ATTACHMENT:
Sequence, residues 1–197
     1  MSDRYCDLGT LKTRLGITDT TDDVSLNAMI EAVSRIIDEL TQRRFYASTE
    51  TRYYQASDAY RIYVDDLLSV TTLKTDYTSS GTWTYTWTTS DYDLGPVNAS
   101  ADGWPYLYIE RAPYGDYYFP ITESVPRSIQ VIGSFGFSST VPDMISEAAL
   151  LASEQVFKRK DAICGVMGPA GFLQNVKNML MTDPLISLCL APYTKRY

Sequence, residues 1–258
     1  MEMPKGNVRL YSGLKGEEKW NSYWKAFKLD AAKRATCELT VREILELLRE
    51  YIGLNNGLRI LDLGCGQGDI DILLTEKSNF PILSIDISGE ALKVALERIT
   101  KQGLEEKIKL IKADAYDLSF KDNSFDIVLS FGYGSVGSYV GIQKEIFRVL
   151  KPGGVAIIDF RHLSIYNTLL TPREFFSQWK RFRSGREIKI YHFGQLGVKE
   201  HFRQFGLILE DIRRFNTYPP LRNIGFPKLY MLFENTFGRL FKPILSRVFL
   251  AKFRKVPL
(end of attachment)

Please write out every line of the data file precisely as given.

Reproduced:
Sequence, residues 1–197
     1  MSDRYCDLGT LKTRLGITDT TDDVSLNAMI EAVSRIIDEL TQRRFYASTE
    51  TRYYQASDAY RIYVDDLLSV TTLKTDYTSS GTWTYTWTTS DYDLGPVNAS
   101  ADGWPYLYIE RAPYGDYYFP ITESVPRSIQ VIGSFGFSST VPDMISEAAL
   151  LASEQVFKRK DAICGVMGPA GFLQNVKNML MTDPLISLCL APYTKRY

Sequence, residues 1–258
     1  MEMPKGNVRL YSGLKGEEKW NSYWKAFKLD AAKRATCELT VREILELLRE
    51  YIGLNNGLRI LDLGCGQGDI DILLTEKSNF PILSIDISGE ALKVALERIT
   101  KQGLEEKIKL IKADAYDLSF KDNSFDIVLS FGYGSVGSYV GIQKEIFRVL
   151  KPGGVAIIDF RHLSIYNTLL TPREFFSQWK RFRSGREIKI YHFGQLGVKE
   201  HFRQFGLILE DIRRFNTYPP LRNIGFPKLY MLFENTFGRL FKPILSRVFL
   251  AKFRKVPL